Nothing personal

This is a book with a cast of extraordinary characters. They are real people working behind incredible personas. Mandy Kavanagh, whose clients pay her via standing orders into an offshore bank account, calls herself 'The Terminator Angel' while she administers a lucrative service as a highly educated dominatrix in South Kensington. Her friend Simone Maillard, a Frenchwoman who speaks with soft-accented fluidity, deals in bondage and discipline.

Mandy and Simone tear up my stereotypical preconceptions of prostitution – but they are also framed by sadness as they punish clients like the powerful and unhinged banker who, in this book, calls himself Alistair. Slowly and inexorably, he emerges as a dangerous enemy. Fearing publication of this book, Alistair unleashes a sustained campaign of violence. I'm attacked on numerous occasions by two skinheads he hires – but being young, single and half-crazy, I keep writing.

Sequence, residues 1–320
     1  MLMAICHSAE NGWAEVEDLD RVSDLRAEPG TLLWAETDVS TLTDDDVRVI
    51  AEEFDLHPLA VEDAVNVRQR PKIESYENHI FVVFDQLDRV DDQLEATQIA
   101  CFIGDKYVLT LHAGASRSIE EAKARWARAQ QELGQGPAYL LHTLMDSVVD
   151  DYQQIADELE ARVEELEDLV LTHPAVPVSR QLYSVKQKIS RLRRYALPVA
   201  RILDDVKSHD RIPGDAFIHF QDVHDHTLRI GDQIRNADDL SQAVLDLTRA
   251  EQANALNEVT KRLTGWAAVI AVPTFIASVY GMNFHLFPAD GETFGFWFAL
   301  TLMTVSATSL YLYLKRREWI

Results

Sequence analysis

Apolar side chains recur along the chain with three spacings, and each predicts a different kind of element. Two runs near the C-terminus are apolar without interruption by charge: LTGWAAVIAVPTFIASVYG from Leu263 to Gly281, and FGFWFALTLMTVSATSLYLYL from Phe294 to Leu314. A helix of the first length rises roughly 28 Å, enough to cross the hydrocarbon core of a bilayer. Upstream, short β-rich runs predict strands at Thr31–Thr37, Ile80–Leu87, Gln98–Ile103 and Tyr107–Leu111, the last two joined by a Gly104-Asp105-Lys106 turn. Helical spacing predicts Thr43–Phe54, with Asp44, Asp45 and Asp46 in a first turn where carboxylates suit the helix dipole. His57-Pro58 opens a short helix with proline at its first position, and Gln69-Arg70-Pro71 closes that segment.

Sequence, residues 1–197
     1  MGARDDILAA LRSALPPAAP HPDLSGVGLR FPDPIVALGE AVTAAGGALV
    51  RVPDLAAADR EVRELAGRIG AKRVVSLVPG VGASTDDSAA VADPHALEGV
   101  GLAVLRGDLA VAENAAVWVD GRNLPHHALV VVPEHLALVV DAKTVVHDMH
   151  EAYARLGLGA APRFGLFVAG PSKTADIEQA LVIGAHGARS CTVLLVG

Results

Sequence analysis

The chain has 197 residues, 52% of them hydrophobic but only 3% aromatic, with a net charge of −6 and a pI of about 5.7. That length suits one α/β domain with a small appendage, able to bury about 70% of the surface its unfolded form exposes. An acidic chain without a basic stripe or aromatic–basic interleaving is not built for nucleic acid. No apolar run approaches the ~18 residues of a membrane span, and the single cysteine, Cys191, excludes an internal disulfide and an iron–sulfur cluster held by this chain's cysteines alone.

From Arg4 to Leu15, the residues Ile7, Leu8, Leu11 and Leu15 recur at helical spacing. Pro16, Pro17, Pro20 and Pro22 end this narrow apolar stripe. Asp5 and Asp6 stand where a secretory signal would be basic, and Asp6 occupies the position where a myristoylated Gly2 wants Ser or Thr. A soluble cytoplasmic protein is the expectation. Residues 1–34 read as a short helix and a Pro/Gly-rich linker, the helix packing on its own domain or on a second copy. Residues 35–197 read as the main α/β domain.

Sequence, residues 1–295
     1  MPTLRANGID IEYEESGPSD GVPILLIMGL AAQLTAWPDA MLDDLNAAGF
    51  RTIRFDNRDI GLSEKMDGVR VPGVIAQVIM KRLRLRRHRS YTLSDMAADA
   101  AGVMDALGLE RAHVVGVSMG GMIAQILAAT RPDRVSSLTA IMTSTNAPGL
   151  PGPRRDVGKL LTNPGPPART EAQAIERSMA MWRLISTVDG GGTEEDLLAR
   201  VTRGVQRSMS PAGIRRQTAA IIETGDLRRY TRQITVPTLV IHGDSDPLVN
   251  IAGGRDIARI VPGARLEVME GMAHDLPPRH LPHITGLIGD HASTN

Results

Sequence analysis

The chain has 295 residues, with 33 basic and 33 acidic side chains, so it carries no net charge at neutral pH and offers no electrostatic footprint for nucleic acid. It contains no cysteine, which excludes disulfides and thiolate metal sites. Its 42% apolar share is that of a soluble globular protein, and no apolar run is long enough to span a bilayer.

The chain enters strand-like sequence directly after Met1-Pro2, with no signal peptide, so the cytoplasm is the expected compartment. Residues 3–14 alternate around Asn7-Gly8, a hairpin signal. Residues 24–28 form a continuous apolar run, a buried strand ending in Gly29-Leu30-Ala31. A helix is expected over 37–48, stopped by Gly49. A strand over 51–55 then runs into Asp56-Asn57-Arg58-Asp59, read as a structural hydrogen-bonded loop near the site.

It's hard to stop when I'm describing people as different as Sara Dale, the tabloid-tagged Miss Whiplash and a South African-born sex therapist who works in a flat belonging to Norman Lamont, the Chancellor of the Exchequer, and Jackie who is more prosaic in presenting herself as "a £15 Chinatown whore." I also owe it to Tim, who styles himself as a slinky Madonna-impersonating transvestite, and to Leila, who works the night-time streets in Notting Hill, to keep writing this book.

There are many nights when I want to stop because most of the stories are so dark and desolate at their core. And yet, at the same time, the people I meet reveal more about this damaged industry than any well-meaning homilies about the need for respect and salvation.

"A fascinating, bold and compassionate book." (The Observer)

"In Donald McRae's informing, alarming and sad book about the sex industry in England, his humanity persists in his humour." (The Financial Times)

"Compelling and informative…" (Scotland On Sunday)

"Impressive…" (The Daily Telegraph)

"A must for anyone fascinated by life's seamier side..." (Today)